- Pain: when a hernia mesh device fails, the patient can experience constant, intense discomfort at the hernia mesh site which significantly impacts their quality of life and ability to work or perform activities of daily living.
- Adhesion: scar-like tissue that develops between a hernia mesh device and surrounding tissue or organ which can be very painful and require surgery to remove the mesh or adhesions.
- Shrinkage: when a synthetic mesh device contracts after implantation pulling ingrown tissue and/or adhered organs causing significant discomfort.
- Migration: dislocation and/or movement of the mesh from its implanted position which can lead to recurrence of the hernia, pain, fistulas, and the need for corrective surgery.
- Recurrence: when a hernia redevelops despite implantation of a surgical mesh device.
Unfortunately, some hernia mesh injuries can become so severe that they result in death or permanent disability.
Regulatory Oversight of Hernia Mesh
In October 2012, the FDA issued a warning letter to Atrium Medical Corporation indicating that the company had failed to adequately address problems with infections involving C-Qur devices including the company’s ignoring sterility problems at their manufacturing facilities. On August 9, 2013, the FDA announced a Class II recall of the C-Qur Edge hernia mesh because the omega three fatty acid coating on one side of the device was adhering to the product packaging.
In October 2014, the FDA issued a Safety Communication regarding the problems with surgical hernia mesh which stated “FDA has received reports of complications associated with the mesh. The complications include adverse reactions to the mesh, adhesions (when the loops of the intestines adhere to each other or the mesh), and injuries to nearby organs, nerves or blood vessels. Other complications of hernia repair can occur with or without the mesh, including infection, chronic pain and hernia recurrence.”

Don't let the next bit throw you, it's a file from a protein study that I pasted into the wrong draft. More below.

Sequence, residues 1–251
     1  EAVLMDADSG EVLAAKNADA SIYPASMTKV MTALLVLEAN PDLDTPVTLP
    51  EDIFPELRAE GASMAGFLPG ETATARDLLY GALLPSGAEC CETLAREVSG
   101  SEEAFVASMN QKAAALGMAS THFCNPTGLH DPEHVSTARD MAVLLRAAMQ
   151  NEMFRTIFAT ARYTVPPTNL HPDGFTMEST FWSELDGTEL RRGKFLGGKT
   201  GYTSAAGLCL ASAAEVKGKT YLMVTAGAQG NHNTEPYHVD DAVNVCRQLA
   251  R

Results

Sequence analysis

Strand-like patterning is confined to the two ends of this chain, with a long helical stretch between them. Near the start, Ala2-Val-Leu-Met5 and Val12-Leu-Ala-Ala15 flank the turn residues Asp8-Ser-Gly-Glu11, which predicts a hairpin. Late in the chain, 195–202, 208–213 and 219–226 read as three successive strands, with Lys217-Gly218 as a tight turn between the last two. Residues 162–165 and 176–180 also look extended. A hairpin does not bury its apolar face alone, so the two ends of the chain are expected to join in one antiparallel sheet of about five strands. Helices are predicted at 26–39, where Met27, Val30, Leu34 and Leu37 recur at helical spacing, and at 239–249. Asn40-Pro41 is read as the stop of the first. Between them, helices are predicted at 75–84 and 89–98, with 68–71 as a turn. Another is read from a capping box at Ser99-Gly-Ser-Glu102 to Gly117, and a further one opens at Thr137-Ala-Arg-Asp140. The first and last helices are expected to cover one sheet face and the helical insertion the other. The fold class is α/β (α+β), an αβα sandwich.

In May 2016, Ethicon recalled Physiomesh from the worldwide although the company maintains that their removal of the product was not a recall.
Hernia Mesh Litigation
A growing number of hernia mesh lawsuits are being filed against various manufacturers in courts around the United States. Lawsuits involving Ethicon’s Physiomesh have been centralized in a multi-district litigation before U.S. District Court Judge Richard Story in the United States District Court for the Northern District of Georgia.
Similarly, lawsuits involving Atrium Medical’s C-Qur product line have been centralized in a multi-district litigation before U.S. District Court in the United States District Court for the District of New Hampshire. A state court consolidation of C-Qur hernia mesh cases is also proceeding in New Hampshire where Atrium Medical is headquartered.
Plaintiffs in hernia mesh cases allege that manufacturers either knew about the potential for serious complications or should have known about the risks. They also allege the companies chose to prioritize profits over patient safety by withholding information about the risks from doctors and the public. Some plaintiffs also allege that companies stopped manufacturing certain devices due to high failure rates but chose not to notify patients or physicians about the problems or the true reasons for withdrawing products from the market.
Maine Hernia Mesh Lawsuit
If you or someone you love has suffered complications from a hernia mesh device, you may be entitled to significant compensation for your injuries.
To speak with an experienced, Maine hernia mesh lawyer, contact Fitzgerald Law Group at (844) FITZ-LAW or (844) 348-9529, or complete the contact form on this website for a free, confidential, case assessment.